Peak Oil and EUR—Let’s be Careful Out There

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There are so many variables that control well recovery—total proppant, total fluid, perforated length, wellbore length, reservoir geology—that it’s common for internal and external company analysts to use production from the peak month (month with highest production) as a quick a proxy for producible reserves.

Be warned, however, that while the relationship is true in a gross sense—the better the peak oil number, the better the chances of good to excellent producible reserves—there are enough excursions from the relationship to urge analysts to use caution in making this assumption.

The peak oil and estimated ultimate recovery (EUR) trend for the Bone Spring Second Sand are illustrated in the graph below.

Peak Oil and EUR—Let’s be Careful Out There

The general correlation between excellent peak oil and excellent EUR is apparent.

But focus on the area where the dashed pink line and solid red line are drawn on the graph.

Peak Oil and EUR—Let’s be Careful Out There

The dashed pink line has a peak oil value of 21,171 barrels of oil per month (BOPM), or about 700 barrels of oil per day (BOPD). Its EUR is slightly more than 1,500,000 barrels.

The red line pinpoints a well with an excellent peak oil value of 124,636 BOPM (about 4,000 BOPD), but its EUR is predicted to be about 1,400,000. Farther down the data display there’s a point with a peak oil value of 82,940 BOPM (about 2,800 BOPD) with a diminished EUR of 660,000 barrels of oil.

The map below shows these three example wells, sized by EUR oil (full), rendered within a total organic carbon (TOC) map. The peak oil values of the wells with the high EUR numbers differ by more than 100,000 BOPM, yet they are predicted to deliver nearly the same level of reserves.

Peak Oil and EUR—Let’s be Careful Out There

Shading=TOC; sourced from Enverus Drillinginfo’s Play Assessments.

The following graphic, with more Bone Spring Second Sand wells displayed, provides a better sense of the peak oil variation.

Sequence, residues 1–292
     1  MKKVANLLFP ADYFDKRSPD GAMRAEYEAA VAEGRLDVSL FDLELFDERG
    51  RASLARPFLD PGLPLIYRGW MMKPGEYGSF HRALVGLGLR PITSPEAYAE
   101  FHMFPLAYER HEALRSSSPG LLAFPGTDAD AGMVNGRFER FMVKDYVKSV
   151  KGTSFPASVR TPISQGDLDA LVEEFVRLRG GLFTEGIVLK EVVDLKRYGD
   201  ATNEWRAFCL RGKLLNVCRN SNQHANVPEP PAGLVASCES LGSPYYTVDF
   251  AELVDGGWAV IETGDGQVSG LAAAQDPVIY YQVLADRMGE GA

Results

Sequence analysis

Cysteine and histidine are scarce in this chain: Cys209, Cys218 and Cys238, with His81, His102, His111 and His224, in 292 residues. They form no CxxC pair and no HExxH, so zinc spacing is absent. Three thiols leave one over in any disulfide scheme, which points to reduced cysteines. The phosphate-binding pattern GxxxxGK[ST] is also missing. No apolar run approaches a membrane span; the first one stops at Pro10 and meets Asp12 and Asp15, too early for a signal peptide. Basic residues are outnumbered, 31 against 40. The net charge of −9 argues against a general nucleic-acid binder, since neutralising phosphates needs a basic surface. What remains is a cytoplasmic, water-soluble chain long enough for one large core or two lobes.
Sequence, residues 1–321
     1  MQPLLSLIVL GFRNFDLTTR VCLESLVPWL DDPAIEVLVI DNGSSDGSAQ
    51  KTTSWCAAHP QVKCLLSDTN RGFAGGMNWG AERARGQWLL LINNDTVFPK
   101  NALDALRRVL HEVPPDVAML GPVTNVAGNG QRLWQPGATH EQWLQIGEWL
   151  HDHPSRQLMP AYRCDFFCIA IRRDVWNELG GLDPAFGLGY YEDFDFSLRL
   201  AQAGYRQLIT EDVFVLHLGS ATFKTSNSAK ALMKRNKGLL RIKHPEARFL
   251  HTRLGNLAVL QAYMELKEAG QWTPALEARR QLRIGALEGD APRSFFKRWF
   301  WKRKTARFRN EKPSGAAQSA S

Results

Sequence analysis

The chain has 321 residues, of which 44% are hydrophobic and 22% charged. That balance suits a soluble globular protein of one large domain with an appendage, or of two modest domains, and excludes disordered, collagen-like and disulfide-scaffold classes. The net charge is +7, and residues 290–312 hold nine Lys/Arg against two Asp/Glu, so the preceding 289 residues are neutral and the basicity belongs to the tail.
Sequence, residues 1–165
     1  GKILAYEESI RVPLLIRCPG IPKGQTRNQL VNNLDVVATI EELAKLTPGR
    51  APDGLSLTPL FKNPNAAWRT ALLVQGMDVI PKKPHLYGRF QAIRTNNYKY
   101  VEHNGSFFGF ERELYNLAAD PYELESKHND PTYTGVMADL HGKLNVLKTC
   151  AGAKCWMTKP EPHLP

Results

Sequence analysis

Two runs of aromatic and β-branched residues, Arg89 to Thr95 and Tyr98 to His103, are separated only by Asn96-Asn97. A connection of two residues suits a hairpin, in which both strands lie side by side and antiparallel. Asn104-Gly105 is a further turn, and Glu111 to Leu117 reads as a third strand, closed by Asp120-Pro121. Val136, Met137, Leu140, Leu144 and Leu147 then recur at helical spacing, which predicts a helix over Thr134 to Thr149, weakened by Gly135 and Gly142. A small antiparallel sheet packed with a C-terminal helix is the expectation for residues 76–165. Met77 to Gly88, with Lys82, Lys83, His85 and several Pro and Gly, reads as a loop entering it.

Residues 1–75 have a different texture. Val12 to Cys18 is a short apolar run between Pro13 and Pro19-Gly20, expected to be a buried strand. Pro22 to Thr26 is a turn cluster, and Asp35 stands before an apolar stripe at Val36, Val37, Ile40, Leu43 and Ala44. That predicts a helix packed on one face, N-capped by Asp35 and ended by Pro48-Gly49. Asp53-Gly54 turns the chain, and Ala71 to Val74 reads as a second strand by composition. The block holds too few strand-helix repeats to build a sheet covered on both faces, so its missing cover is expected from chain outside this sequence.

Peak Oil and EUR—Let’s be Careful Out There

Shading=TOC; sourced from Enverus Drillinginfo’s Play Assessments.

A quick look at a part of the Eagle Ford oil window shows a similar lack of uniform correlation between peak and EUR oil.

Peak Oil and EUR—Let’s be Careful Out There

Shading=TOC; sourced from Enverus Drillinginfo’s Play Assessments.

The graph below shows the variability in the top 30 peak oil wells in the sample.

Peak Oil and EUR—Let’s be Careful Out There

Gas provinces are not nearly as subject to the kind of variation between peak rates and EUR.

The composite map below from Enverus Drillinginfo’s Play Assessments compares Marcellus peak gas and EUR (full). The areas of high peak month gas production are generally consistent with areas of high EUR.

Peak Oil and EUR—Let’s be Careful Out There

Shading=TOC; sourced from Enverus Drillinginfo’s Play Assessments.

However, not all gas plays behave the same way; the maps below indicate that peak gas may not be a straightforward predictor of EUR in the Haynesville/Bossier play.

Peak Oil and EUR—Let’s be Careful Out There

So, it’s good to exercise caution when using peak oil or peak gas as quick proxy for the potential return on investment on an unconventional well. Spacing and parent-child interference can yield wildly different results, even within areas of similar geology.

If you’ve used peak oil and peak gas analysis in this way, please share your stories or thoughts with me at [email protected].

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Mark Nibbelink

Enverus Co-Founder, Director of University Outreach. Before co-founding Enverus (formerly Drillinginfo) in 1999, Mark had a long career as a prospect geologist at Gulf Oil before beginning work as an independent geologist. Mark is responsible for quality control and data integrity. He received his Bachelor of Arts in geology and his master’s in geology and geophysics from Dartmouth College.